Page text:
Herbert W.g. Clanton, Plaintiff-appellant, v. the People of the City of East Lansing, Defendant-appellee, 86 F.3d 1155 (6th Cir. 1996)Annotate this Case
May 21, 1996
Before: WELLFORD, NORRIS, and DAUGHTREY, Circuit Judges.
Herbert W.G. Clanton, a pro se Michigan litigant, appeals the summary judgment in favor of the defendant in this civil rights action filed pursuant to 42 U.S.C. § 1983. This case has been referred to a panel of the court pursuant to Rule 9(a), Rules of the Sixth Circuit. Upon examination, this panel unanimously agrees that oral argument is not needed. Fed. R. App. P. 34(a).
Clanton alleged that the defendant violated his various and sundry rights protected by the United States Constitution. On June 19, 1989, Clanton was convicted by a jury on a charge of failing to change the address on his driver's license. This conviction was entered in Michigan state district court. On June 26, 1989, Clanton filed an appeal in the 30th Judicial Circuit Court. Clanton's case was dismissed on October 4, 1990, for failure to prosecute. Thereafter, Clanton filed a claim of appeal in the Michigan Court of Appeals. Clanton's claim of appeal was dismissed by the Michigan Court of Appeals on November 27, 1990. Clanton then filed a motion for rehearing. This motion was denied by the Michigan Court of Appeals on February 14, 1991. On September 19, 1994, Clanton filed the present complaint in the District Court for the Western District of Michigan. He requested that his public record be expunged. He alleged that his rights protected by the First, Fourth, Fifth, Sixth, Thirteenth, and Fourteenth Amendments to the United States Constitution were violated. He sought $235.5 million in damages.
The defendant filed a motion to dismiss on December 14, 1994. The matter was referred to a magistrate judge who treated the motion to dismiss as a motion for summary judgment because matters outside the pleadings were presented with the motion to dismiss. The magistrate judge issued a report recommending that summary judgment be entered in favor of the defendant because the complaint failed for being overly conclusory and for being barred by the applicable statute of limitations. Despite Clanton's objections, the district court adopted the report and recommendation in a memorandum opinion and order filed July 26, 1995. This timely appeal followed.
Upon review, we conclude that Clanton has waived his right to appellate review because he did not specifically object to the recommended disposition of his civil rights complaint. His objections to the magistrate judge's report and recommendation are conclusory. Clanton's objections number 79 pages, many of which consist of cryptic sentence fragments. Clanton stated that his constitutional rights were violated because he was restricted from seeking expungement, and that the report and recommendation failed to show how seeking expungement is "inaccurate." For all their rambling and excessive length, Clanton's objections offered no specific argument which directly contradicted any of the magistrate judge's reasoning or legal authority regarding his claims.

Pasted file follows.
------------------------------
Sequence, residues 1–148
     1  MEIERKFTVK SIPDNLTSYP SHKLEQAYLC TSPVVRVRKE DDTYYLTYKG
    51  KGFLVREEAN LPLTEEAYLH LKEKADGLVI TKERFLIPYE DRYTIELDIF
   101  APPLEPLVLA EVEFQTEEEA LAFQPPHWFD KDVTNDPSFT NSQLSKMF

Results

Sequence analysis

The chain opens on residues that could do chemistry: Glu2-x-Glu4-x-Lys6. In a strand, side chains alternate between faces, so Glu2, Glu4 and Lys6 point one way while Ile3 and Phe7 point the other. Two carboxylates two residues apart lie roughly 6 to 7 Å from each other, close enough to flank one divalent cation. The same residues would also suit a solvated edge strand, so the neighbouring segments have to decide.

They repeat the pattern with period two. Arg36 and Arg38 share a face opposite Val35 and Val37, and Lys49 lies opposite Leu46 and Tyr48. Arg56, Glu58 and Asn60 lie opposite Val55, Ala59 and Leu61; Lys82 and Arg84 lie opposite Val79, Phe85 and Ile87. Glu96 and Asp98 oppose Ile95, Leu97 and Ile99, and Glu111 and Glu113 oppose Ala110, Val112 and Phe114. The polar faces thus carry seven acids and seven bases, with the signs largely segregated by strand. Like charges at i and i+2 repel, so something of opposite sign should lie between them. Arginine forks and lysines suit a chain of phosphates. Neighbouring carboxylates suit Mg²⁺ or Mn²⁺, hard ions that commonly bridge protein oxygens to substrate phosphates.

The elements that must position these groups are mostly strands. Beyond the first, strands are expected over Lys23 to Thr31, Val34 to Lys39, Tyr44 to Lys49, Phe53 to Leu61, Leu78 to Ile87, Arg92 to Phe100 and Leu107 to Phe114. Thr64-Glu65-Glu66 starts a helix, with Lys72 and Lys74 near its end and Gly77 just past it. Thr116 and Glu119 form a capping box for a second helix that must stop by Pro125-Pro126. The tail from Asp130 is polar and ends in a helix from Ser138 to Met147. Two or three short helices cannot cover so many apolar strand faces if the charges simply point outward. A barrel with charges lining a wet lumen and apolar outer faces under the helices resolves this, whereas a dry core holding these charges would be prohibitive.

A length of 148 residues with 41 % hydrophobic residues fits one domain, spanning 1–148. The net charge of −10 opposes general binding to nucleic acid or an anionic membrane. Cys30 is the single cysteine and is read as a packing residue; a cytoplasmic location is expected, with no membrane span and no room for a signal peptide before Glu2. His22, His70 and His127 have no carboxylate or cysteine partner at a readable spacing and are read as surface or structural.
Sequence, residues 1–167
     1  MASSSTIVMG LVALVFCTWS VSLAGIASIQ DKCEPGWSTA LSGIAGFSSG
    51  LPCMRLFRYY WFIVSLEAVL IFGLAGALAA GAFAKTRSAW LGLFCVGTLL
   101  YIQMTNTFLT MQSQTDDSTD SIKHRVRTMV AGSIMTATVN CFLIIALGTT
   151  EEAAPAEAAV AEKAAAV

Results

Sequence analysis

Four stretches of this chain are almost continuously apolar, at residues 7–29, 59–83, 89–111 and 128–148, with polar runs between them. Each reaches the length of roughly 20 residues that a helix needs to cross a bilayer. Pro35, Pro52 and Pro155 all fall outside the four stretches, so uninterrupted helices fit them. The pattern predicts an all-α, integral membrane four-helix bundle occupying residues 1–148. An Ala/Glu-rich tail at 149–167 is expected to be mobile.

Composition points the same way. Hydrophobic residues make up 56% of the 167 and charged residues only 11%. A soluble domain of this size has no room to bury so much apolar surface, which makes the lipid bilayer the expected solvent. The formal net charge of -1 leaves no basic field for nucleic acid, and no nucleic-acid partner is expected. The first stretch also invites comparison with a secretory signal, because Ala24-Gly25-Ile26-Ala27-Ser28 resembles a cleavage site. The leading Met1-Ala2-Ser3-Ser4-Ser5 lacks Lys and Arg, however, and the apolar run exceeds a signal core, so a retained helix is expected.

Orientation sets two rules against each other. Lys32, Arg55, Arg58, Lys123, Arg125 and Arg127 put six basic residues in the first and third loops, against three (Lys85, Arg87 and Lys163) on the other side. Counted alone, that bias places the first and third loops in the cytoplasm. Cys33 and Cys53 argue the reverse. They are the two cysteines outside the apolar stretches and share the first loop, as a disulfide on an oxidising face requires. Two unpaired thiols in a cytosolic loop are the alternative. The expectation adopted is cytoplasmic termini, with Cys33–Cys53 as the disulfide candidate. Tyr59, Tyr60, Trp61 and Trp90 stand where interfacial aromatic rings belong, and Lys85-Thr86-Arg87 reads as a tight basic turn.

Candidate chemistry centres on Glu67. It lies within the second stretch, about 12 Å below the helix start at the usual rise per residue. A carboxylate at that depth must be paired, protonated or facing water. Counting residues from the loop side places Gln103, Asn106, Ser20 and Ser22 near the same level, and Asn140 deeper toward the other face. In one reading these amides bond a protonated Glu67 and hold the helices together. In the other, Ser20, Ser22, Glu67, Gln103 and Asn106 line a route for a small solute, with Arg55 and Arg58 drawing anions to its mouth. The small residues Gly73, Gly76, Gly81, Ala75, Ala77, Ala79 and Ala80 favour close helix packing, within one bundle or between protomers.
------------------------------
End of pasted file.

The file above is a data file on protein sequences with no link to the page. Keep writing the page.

This court requires litigants to file specific and timely objections to a magistrate judge's report and recommendation under 28 U.S.C. § 636(B) (1) (c) in order to preserve the right to appeal a subsequent order of the district court adopting and approving that report. See Thomas v. Arn, 474 U.S. 140, 155 (1985); Willis v. Sullivan, 931 F.2d 390, 400-01 (6th Cir. 1991). Where a magistrate judge prepares a report and recommendation, only those issues to which specific objections are filed are reviewable upon adoption of the report. See Smith v. Detroit Fed'n of Teachers, Local 231, 829 F.2d 1370, 1373 (6th Cir. 1987). Although this rule may be relaxed in the interest of justice, see Kent v. Johnson, 821 F.2d 1220, 1222-23 (6th Cir. 1987), review of the appeal has not revealed any reason for doing so in this case.
Clanton's complaint contained only conclusory allegations. Mere conclusory allegations are not sufficient to withstand a motion for summary judgment. Cincinnati Bell Tel. Co. v. Allnet Comm. Servs., Inc., 17 F.3d 921, 923 (6th Cir. 1994). Further, Clanton's complaint is barred by the applicable statute of limitations. The three year statute of limitations contained in Mich.Comp.Laws § 600.5805(8) is the uniform limitations period to be applied to civil rights claims that arise in Michigan. See Carroll v. Wilkerson, 782 F.2d 44, 45 (6th Cir.) (per curiam), cert. denied, 479 U.S. 923 (1986). Clanton filed his complaint on September 19, 1994. Accordingly, any actions prior to September 19, 1991, are time-barred. See Dunlap v. Sheffield, 500 N.W.2d 739, 741-42 (Mich.1993) (per curiam). All of the actions in Clanton's state court proceedings occurred prior to February 15, 1991. Therefore, Clanton's complaint is time-barred by Michigan's three-year statute of limitations.
Accordingly, the district court's order is affirmed. Rule 9(b) (3), Rules of the Sixth Circuit.